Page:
Walmart to Close its 51 Health Centers, Virtual Care Service

The retailer said "there is not a sustainable business model for us to continue."

AP Photo/Gene J. Puskar, File

Walmart is closing its health centers and virtual care service as the retail giant has struggled to find success with the offerings.

Walmart, which launched its health centers five years ago, said Tuesday that it's learned through managing the health centers and virtual service that "there is not a sustainable business model for us to continue."

Walmart had 51 health centers in five states, with the goal of helping people save money on their health care needs. The Bentonville, Arkansas-based company opened its first health center in 2019.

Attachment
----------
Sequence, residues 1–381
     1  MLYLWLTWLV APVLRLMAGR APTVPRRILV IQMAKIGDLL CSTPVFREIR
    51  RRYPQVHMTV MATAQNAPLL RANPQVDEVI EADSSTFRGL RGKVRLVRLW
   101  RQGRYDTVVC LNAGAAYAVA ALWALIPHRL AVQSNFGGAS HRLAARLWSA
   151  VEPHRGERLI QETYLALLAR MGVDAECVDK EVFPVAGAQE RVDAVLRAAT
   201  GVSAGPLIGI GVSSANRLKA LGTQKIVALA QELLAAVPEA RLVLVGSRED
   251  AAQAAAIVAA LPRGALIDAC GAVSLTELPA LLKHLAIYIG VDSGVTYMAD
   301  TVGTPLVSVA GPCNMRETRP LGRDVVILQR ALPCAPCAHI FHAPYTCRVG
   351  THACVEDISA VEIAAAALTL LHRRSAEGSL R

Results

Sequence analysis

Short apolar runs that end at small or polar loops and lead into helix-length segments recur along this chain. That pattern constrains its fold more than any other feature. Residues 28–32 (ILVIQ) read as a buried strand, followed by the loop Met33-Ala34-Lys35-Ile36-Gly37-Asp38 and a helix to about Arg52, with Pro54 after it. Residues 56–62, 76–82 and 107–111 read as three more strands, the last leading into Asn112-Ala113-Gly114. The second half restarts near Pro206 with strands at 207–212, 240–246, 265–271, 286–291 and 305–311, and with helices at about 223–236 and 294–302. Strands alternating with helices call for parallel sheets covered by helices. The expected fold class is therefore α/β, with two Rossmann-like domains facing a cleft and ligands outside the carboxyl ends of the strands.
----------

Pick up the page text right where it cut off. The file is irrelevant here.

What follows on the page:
"This is a difficult decision, and like others, the challenging reimbursement environment and escalating operating costs create a lack of profitability that make the care business unsustainable for us at this time," the company said in a statement.

The realization of the unsustainable business model comes after Walmart announced in March 2023 that it planned to add more than two dozen health centers to some of its stores this year. At the time, the company said that it was looking to open 28 centers in 2024, mostly in Dallas and Houston. It also was planning to expand into the Phoenix and Kansas City, Missouri, areas.

Walmart does not yet have specific dates for when its health centers will close, but said that it will share that information when it's available. The company said that employees that worked at its health centers are eligible to transfer to any other Walmart or Sam's Club location.

Walmart still runs almost 4,600 pharmacies and more than 3,000 vision centers in the U.S.

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